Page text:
The former E! News host, who left the daily show “to be able to do other things that I’m passionate about,” stars in this month’s The Perfect Match, in which he plays Charlie, a playboy who agrees to commit to a single woman for a month as a bet with his friends.
We chatted with the actor about his first starring role, diversity in Hollywood, what sparked his departure from E! News and more.
Long Island Pulse: How did you land the role of Charlie on The Perfect Match?
Terrence Jenkins: Queen Latifah’s production company, Flavor Unit Entertainment, had a script. It was really good but we did a page one rewrite and just kind of punched it up and I made it closer to home. It turned out really well.
Pulse: This is your first starring role and you obviously have experience in front of the camera as an anchor. Is acting something you can picture yourself doing more of?
Jenkins: Definitely something I want to do for the long run but I eventually want to direct and just produce. I look at careers like Clint Eastwood and Ron Howard and even Ben Affleck and Matt Damon [as inspiration]. So I definitely want to control content but I also like starring in it.
Pulse: The Perfect Match deals with casual sex versus deeper love.
Jenkins: You can say that.
Pulse: How do you feel about that? Do you think that the culture we live in today, with social media and the Internet and a variety of dating apps front and center, has changed the way we see love?
Jenkins: Yeah and that’s a lot of what we explore in this film. We explore the difference between calling somebody and texting them and building meaningful relationships. This character is a freelance photographer and he would literally sleep with women that he took photos of and you watch him grow when he enters into a meaningful relationship and when he gets his heart broken for the first time. You watch the transformation of this character.
Pulse: Sort of tackling a similar subject: do you find that the Internet has changed the entertainment industry and how you would do your job as a reporter?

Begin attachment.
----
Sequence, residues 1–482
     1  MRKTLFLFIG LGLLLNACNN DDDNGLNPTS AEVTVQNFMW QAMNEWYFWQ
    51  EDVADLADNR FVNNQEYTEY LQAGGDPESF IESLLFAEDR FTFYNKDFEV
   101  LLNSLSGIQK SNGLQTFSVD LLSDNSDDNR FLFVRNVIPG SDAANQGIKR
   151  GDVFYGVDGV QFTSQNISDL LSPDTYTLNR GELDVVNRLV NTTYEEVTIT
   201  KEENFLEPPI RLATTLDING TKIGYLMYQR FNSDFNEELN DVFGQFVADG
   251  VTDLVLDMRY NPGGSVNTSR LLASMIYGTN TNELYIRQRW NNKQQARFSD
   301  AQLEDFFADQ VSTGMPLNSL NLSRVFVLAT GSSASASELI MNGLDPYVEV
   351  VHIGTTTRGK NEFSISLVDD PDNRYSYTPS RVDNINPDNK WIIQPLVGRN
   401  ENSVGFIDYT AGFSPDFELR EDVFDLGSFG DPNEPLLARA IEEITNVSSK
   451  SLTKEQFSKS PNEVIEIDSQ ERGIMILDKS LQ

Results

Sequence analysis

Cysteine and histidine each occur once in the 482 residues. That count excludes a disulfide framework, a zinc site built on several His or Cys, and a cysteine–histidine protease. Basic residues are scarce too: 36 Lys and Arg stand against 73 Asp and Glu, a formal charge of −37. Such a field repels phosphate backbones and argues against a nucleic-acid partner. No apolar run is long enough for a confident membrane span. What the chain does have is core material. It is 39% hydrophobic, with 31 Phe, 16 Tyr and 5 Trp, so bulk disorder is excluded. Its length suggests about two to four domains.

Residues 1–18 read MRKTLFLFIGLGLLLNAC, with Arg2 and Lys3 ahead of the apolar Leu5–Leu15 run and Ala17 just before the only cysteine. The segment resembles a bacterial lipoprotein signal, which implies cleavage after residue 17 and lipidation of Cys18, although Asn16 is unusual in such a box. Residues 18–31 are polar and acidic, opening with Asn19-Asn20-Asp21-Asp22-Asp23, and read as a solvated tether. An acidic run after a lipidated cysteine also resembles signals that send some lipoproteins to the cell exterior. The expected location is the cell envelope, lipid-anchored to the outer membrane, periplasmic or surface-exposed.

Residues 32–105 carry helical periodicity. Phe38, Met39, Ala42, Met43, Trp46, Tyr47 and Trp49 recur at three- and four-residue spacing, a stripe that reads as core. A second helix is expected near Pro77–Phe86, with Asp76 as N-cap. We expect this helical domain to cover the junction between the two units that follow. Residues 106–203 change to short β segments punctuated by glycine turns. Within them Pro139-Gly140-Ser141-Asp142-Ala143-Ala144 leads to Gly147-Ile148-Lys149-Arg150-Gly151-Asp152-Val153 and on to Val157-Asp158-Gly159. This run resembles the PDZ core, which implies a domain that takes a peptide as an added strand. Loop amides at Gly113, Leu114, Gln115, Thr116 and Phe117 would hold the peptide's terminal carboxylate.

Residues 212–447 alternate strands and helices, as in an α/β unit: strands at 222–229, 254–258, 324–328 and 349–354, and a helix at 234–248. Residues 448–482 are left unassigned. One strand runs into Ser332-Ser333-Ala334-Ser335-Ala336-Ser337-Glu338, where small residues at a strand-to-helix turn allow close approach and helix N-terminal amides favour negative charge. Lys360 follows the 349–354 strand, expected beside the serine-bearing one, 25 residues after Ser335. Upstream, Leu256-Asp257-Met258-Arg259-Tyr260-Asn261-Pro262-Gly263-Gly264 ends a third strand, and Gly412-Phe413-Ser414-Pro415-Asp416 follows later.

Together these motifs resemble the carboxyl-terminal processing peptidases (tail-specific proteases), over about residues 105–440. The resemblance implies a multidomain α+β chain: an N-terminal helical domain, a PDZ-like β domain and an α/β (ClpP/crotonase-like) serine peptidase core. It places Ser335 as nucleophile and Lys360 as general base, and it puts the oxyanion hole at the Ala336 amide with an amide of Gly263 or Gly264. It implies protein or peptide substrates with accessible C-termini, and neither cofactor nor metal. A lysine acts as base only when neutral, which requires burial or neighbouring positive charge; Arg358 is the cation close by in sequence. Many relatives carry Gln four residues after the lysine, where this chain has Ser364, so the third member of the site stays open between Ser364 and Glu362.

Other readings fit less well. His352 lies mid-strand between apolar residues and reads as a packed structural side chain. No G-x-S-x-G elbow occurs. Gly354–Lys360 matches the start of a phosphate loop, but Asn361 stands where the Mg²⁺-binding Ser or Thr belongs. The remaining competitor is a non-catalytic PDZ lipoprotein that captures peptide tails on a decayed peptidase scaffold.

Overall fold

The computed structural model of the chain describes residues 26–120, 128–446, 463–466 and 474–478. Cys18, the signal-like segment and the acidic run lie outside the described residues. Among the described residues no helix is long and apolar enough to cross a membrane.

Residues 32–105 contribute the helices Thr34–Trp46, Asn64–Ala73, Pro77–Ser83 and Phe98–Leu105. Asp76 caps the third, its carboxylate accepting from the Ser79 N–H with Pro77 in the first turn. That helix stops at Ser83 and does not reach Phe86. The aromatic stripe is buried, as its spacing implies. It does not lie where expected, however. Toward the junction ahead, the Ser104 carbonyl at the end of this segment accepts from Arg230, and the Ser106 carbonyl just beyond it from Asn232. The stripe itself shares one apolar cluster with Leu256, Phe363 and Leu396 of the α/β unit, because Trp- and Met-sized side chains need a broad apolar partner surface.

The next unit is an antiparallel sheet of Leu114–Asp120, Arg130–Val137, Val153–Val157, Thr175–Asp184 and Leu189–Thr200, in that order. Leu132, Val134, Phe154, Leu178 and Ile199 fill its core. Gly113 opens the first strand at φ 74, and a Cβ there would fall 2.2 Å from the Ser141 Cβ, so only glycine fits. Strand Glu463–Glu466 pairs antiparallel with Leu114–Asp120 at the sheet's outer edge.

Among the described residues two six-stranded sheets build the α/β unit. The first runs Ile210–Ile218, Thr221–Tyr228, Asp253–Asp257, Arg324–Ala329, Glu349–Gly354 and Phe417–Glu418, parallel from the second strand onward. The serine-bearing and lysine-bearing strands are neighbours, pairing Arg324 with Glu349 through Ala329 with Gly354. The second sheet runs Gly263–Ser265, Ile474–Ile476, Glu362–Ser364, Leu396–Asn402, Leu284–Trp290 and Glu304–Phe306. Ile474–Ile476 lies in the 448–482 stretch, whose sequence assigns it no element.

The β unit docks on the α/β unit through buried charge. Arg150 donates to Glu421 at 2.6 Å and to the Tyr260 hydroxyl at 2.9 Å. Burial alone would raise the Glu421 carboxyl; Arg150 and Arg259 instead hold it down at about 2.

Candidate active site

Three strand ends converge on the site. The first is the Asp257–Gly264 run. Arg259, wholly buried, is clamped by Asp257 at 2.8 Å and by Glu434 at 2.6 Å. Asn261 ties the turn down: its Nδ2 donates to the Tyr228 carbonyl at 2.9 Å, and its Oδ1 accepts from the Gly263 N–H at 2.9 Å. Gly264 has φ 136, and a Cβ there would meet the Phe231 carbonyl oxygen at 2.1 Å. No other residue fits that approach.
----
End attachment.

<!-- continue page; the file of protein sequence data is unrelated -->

Jenkins: Yeah, no longer do you have to go to an outlet on television to get and consume your content. As a matter of fact, by the time we’re reporting about something at 7 o’clock, you already know what happened so it definitely changes your reporting because now you’re just putting it into context. You’re giving your opinion on it, you’re giving spins on it but you’re not breaking it. News is now broken, for the most part, on the Internet.
Pulse: You recently left E! News. What sparked that decision?
Jenkins: E! News was […] a daily show and it was great, [there was] no issue. It was just…if you look at someone like Ryan Seacrest: he does a seasonal show, American Idol, and so there’s a beginning and an end to the season and that gives you time during the year to do other things that you’re passionate about and that’s really what I wanted, to be able to do other things that I’m passionate about.
Pulse: Was it hard to strike a balance between being friends with celebrities and reporting on them for work?
Jenkins: It was always hard to keep that balance. You want to do your job and not compromise your integrity but I just never wanted to drag anyone under the bus so it was always a challenge. But it was also a gift because people knew they could trust me because I never did that. I never beat people up when they came to visit. If you wanted to really dive into hard-hitting stuff, there’s plenty of places to go for that. If you want to have a good time, promote your product, feel at home and come to a safe zone, you came to me.
You also do a lot of philanthropy work. What’s next for you on that front?
Jenkins: I’m working on a mentorship program because I want to see more minorities in the industry and what we have seen, especially with the Oscars situation, is the lack of diversity and that starts by not complaining but by action. I feel like one of the ways [to make a change is for] any of us that are in the industry and working to use our knowledge and our skillset to give back as much as we can to the next generation so that they can have opportunities and provide as much insight so that they can move up the chain and become the executives to change the hiring practices and make it a triple effect.